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#AliveWhileBlack and #CrimingWhileWhite Social Media Takeovers Prove the Existence of Two Americas

Screen Shot 2014-12-10 at 12.48.31 PMAfter social media was set ablaze by the hashtag #CrimingWhileWhite, the hashtag #AliveWhileBlack has surfaced as a way to document the stark contrast between the America that white people experience and the one that has Black residents battling against racism and discrimination.

Even today new #CrimingWhileWhite tweets are hitting the web as white citizens share their stories of breaking the law and the very different outcomes they saw compared to unarmed teen Michael Brown, Staten Island father Eric Garner and the many other Black men who have been killed at the hands of police officers.

Both Brown and Garner were killed after their runins with law enforcements turned violent.

Garner was accused of selling loose cigarettes, although there is still no evidence to support the accusations, and Brown was seen on a convenience store camera taking a box of cigars.

Immediately, some people tried to justify the fact that Ferguson police officer Darren Wilson gunned down Brown because he had allegedly committed a crime moments before the encounter.

According to thousands of white social media users, however, the encounter would have been much different if they were in Brown’s shoes.

The #CrimingWhileWhite hashtag highlighted how many white people broke the law but were not even arrested or ticketed for their wrong doing. Instead officers often followed drunk drivers home, encouraged violent suspects to turn their lives around or laughingly told a white suspect that they only pulled them over because they believed they were Black.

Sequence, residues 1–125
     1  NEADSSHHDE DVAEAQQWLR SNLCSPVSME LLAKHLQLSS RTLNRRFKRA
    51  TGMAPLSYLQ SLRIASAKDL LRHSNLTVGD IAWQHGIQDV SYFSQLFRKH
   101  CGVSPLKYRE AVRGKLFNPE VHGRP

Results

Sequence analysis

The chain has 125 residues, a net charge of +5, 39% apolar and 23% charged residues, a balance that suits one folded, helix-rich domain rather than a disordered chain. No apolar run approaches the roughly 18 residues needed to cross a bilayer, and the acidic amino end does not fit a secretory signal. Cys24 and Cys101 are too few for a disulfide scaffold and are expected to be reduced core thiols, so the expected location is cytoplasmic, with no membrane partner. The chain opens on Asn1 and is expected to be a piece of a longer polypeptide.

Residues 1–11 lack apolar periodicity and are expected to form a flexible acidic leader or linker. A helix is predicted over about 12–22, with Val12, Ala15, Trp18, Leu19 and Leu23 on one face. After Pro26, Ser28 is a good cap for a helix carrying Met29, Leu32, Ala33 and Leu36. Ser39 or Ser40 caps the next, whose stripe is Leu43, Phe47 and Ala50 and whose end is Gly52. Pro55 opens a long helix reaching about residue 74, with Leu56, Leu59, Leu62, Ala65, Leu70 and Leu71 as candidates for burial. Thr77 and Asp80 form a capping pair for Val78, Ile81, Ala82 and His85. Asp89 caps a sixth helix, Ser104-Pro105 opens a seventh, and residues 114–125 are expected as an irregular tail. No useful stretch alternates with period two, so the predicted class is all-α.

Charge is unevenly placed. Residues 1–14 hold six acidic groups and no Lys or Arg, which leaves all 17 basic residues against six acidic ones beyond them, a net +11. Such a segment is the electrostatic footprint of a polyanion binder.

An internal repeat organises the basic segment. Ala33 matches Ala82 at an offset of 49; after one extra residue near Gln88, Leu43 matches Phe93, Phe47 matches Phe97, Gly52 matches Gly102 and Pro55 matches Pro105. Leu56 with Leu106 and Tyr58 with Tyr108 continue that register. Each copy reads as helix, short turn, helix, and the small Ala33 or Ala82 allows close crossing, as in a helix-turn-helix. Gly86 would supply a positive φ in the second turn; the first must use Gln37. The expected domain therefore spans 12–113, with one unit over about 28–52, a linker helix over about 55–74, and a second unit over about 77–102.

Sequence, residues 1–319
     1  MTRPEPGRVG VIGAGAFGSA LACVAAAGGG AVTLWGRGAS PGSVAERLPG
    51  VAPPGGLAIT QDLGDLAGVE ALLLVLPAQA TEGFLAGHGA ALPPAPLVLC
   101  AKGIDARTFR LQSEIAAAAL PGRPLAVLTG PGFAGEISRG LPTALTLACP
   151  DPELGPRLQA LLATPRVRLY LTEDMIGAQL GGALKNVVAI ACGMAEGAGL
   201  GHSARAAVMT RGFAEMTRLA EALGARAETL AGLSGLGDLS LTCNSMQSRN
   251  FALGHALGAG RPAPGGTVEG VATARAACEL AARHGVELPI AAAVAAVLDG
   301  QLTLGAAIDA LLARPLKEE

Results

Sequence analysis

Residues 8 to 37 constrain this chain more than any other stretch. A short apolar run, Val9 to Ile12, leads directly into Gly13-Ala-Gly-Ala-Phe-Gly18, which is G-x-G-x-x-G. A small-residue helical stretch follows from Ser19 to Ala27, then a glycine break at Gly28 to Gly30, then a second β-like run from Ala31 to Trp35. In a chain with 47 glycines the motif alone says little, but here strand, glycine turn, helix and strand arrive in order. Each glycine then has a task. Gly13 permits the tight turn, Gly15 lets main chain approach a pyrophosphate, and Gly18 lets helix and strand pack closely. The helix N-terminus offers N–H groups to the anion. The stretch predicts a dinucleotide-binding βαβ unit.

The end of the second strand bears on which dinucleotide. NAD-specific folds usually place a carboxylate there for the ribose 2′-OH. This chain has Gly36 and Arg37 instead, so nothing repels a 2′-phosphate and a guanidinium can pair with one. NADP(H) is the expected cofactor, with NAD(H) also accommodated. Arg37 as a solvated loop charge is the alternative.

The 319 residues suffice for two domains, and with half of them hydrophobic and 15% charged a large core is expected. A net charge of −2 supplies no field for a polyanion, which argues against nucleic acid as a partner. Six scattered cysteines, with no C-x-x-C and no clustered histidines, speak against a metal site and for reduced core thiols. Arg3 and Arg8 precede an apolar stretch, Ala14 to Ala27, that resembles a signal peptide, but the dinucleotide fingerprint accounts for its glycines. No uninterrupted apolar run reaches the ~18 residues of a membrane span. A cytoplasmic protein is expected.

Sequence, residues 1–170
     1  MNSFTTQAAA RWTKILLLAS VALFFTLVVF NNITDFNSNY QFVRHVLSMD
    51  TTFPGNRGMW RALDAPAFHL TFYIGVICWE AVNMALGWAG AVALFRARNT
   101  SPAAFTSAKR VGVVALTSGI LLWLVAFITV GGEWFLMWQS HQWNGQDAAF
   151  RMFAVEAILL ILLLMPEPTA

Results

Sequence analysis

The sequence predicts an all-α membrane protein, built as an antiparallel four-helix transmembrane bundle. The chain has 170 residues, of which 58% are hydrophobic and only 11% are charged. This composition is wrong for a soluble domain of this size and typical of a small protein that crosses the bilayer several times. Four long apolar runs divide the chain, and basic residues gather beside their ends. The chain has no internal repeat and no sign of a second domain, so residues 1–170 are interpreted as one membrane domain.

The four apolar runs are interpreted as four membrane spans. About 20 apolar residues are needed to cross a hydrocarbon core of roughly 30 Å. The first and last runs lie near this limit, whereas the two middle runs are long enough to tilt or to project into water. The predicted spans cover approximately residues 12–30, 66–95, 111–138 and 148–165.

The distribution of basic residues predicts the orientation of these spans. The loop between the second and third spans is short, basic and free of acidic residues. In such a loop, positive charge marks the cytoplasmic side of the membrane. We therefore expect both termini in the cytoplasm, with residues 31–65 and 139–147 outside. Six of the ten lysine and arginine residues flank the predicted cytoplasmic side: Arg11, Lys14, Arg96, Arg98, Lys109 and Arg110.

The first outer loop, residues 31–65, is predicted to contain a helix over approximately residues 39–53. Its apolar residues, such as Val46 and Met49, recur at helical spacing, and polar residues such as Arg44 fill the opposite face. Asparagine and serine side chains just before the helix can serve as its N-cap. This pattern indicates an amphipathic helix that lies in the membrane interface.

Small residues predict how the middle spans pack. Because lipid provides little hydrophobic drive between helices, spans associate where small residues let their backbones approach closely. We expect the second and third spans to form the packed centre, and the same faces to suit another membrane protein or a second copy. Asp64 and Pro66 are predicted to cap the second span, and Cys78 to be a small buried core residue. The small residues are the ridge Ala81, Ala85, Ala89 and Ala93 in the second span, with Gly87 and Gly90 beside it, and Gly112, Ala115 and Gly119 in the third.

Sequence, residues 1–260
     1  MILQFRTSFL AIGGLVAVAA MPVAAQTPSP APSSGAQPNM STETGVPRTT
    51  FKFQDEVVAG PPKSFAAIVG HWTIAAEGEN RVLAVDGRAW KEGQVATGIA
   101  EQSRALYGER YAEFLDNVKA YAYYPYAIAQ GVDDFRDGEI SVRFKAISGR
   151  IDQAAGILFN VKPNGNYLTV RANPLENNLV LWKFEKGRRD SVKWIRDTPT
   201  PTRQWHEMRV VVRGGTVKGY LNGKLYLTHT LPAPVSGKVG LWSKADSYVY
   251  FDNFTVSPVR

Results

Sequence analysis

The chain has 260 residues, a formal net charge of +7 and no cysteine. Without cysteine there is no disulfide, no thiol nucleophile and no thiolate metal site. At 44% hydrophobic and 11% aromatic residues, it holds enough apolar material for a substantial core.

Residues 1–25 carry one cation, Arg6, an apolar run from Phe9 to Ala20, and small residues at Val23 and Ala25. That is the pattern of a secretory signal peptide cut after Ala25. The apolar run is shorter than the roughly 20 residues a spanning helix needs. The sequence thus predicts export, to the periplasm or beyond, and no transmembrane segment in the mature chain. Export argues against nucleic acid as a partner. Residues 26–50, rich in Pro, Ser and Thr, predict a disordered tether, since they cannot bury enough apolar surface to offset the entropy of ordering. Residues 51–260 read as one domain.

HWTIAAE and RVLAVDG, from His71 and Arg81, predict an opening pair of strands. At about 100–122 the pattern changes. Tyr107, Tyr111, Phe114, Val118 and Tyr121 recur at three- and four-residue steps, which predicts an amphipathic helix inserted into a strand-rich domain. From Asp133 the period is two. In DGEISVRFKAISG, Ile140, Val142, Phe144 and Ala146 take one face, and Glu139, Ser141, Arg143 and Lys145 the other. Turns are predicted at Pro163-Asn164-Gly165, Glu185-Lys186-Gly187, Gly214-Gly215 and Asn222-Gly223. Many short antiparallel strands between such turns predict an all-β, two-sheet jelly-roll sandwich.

Now the #AliveWhileBlack hashtag is shedding more light on the other side of the story—the Black Americans who are being racially profiled by police.

Senior editor at Jamilah Lemieux encouraged the Black community to use the hashtag #AliveWhileBlack to share their own stories of being harassed or abused by police.

Unfortunately, the tweets were anything but surprising.

Black users flooded the social media site with stories about being pulled over while driving nice cars although they violated no traffic laws, being forcefully placed in handcuffs without an explanation and having officers rummage through their personal belongings despite no probable cause or consent to search.

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It wasn’t long before people broadened the topic beyond just police brutality in order to focus on highlighting the existence of racism in America as a whole. Users shared the faux “compliments” they received from those who believed they spoke well for a Black person, how people automatically assumed they were only in college because of affirmative action and their overall frustrations with the justice system and other racist institutions in America.

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